This video report by the environmental group EarthJustice documents the damage Doe Run Peru has done to the environment and the residents of the town of La Oroya.
It’s a long way from the thin air of an impoverished mountain village outside Lima, Peru, to the tony atmosphere of the Hamptons. But a group of religious leaders from Peru recently traveled to New York to tell billionaire industrialist Ira L. Rennert that even if he can sleep at night, comfortably ensconced in his 110,000-square-foot estate in Sagaponack, God is watching.
The clerics want Rennert to improve health care and dramatically decrease emissions at a metals smelter in La Oroya, Peru, a town high in the Andes Mountains where thousands of children are suffering from lead poisoning. The smelter, known as Doe Run Peru, is a subsidiary of Rennert’s $2.4 billion private holding company, the Renco Group.
Peruvian Roman Catholic Archbishop Pedro Barreto publicly called upon Rennert, a well-known philanthropist and supporter of Orthodox Jewish causes, to honor his religious faith and work harder to solve La Oroya’s pollution problems.
“Our main purpose was to invite Ira Rennert to become a leader in social responsibility, under the assumption this is an ethical and moral issue,” Barreto said, during the group’s three-city visit to the United States this month.
Rennert declined to meet with Barreto and his colleagues, referring them to a local representative for the smelter in Lima. The religious delegation–which included an evangelical pastor, a Jewish leader and several Catholic nuns–instead visited with various religious agencies during the stop in New York City.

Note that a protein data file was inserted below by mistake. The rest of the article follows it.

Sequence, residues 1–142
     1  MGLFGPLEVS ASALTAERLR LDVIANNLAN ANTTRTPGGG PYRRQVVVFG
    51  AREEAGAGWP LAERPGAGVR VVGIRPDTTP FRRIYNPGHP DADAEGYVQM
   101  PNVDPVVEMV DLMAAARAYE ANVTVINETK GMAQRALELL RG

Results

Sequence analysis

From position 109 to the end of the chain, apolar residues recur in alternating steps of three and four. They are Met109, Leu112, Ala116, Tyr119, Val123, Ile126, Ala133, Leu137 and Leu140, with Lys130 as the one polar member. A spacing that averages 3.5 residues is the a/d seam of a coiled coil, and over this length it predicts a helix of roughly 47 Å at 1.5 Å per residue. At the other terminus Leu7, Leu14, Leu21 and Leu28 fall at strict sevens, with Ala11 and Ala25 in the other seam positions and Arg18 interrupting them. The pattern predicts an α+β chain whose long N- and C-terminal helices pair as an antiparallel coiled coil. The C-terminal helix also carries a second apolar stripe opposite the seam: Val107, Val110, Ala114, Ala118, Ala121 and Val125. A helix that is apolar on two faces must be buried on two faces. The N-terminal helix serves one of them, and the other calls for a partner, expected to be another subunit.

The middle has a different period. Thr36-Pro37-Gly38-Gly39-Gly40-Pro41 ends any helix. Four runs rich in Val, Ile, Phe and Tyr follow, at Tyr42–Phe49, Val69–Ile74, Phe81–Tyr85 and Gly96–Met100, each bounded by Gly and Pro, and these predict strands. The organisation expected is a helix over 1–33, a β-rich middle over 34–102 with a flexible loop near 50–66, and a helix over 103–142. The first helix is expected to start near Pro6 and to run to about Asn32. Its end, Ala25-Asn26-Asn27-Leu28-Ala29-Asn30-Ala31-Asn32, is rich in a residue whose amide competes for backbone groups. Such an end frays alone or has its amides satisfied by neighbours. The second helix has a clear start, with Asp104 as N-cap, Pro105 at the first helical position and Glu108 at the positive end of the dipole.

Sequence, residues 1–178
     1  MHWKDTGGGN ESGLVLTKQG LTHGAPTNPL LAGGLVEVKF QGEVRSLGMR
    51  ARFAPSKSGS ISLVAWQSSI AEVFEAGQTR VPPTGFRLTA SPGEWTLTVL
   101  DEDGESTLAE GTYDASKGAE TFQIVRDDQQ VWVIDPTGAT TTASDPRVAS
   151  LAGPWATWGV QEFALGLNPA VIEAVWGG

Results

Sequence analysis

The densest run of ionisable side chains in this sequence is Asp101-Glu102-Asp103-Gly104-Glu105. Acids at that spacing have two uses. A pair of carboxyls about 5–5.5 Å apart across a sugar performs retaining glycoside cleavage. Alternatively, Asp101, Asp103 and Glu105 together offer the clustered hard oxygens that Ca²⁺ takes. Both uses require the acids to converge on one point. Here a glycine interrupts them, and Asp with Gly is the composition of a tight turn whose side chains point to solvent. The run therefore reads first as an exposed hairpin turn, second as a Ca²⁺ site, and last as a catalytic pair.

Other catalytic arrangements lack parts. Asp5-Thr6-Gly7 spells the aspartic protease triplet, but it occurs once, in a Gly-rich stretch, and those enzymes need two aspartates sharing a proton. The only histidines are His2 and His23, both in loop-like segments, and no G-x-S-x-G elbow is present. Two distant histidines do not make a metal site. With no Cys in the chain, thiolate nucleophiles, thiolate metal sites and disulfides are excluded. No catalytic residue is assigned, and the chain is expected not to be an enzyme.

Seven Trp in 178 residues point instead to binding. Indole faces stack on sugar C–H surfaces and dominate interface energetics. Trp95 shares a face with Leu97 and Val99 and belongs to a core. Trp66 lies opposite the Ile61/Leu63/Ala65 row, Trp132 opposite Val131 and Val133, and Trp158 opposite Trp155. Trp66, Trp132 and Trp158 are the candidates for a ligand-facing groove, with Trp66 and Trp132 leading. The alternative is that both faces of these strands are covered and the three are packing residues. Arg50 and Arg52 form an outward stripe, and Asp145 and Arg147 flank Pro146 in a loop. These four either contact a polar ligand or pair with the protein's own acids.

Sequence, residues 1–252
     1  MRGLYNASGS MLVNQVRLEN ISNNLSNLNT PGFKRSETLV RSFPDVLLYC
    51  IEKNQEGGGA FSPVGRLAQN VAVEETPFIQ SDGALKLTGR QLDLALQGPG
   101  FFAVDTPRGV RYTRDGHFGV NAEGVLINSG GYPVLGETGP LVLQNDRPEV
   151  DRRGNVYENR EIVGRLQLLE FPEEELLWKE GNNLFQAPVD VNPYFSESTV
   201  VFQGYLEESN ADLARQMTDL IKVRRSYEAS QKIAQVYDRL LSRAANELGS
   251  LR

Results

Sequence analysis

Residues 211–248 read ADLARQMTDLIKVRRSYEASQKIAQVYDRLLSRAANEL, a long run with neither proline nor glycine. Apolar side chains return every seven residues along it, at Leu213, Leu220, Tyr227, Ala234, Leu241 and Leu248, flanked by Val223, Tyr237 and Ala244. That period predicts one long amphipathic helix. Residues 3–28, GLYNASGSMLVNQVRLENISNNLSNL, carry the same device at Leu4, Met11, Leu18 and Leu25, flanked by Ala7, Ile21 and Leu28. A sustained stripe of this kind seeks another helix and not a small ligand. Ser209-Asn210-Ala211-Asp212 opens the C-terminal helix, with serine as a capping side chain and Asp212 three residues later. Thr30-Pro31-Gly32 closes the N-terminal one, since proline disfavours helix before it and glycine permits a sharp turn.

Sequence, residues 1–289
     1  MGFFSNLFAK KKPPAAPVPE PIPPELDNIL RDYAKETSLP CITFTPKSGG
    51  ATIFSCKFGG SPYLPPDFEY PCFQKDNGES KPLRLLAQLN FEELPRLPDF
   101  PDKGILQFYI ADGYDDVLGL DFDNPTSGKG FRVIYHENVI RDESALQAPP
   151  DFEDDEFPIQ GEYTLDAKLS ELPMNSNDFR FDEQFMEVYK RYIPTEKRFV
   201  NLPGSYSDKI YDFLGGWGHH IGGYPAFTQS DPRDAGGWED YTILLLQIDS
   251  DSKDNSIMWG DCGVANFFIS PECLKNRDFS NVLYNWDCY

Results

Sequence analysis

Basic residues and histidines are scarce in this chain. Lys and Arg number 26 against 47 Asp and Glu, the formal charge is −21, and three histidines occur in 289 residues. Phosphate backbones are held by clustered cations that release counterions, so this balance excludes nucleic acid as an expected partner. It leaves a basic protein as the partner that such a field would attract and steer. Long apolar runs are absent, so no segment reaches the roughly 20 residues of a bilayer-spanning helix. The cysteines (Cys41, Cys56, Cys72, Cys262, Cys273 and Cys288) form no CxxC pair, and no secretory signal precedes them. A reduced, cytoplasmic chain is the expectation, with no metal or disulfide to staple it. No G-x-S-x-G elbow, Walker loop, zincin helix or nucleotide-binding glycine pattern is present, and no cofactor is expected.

Calls to Rennert’s office at Rockefeller Center asking for comment on the visit were referred to Victor Belaunde, a Doe Run Peru spokesman in Lima. Belaunde said that company officials met with the religious leaders June 8 in Lima and updated them on ongoing environmental improvements.
Company officials claim Doe Run Peru has already committed more than $107 million to clean up the smelter in the decade since Renco acquired the facility. The company pays $1 million annually to fund a health program run by the government’s health ministry, Belaunde said. He added that the smelter is now in compliance with Peruvian standards for lead emissions.
Despite these investments, a recent study by St. Louis University scientists found that 97 percent of children in La Oroya are lead-poisoned, a condition that can cause mental and physical deficiencies. And a new report from LABOR, a Peruvian non-profit group, found that emissions of lead, arsenic and sulfuric acid have actually increased in the past two years, according to Friends of La Oroya, a group supporting the religious leaders’ delegation.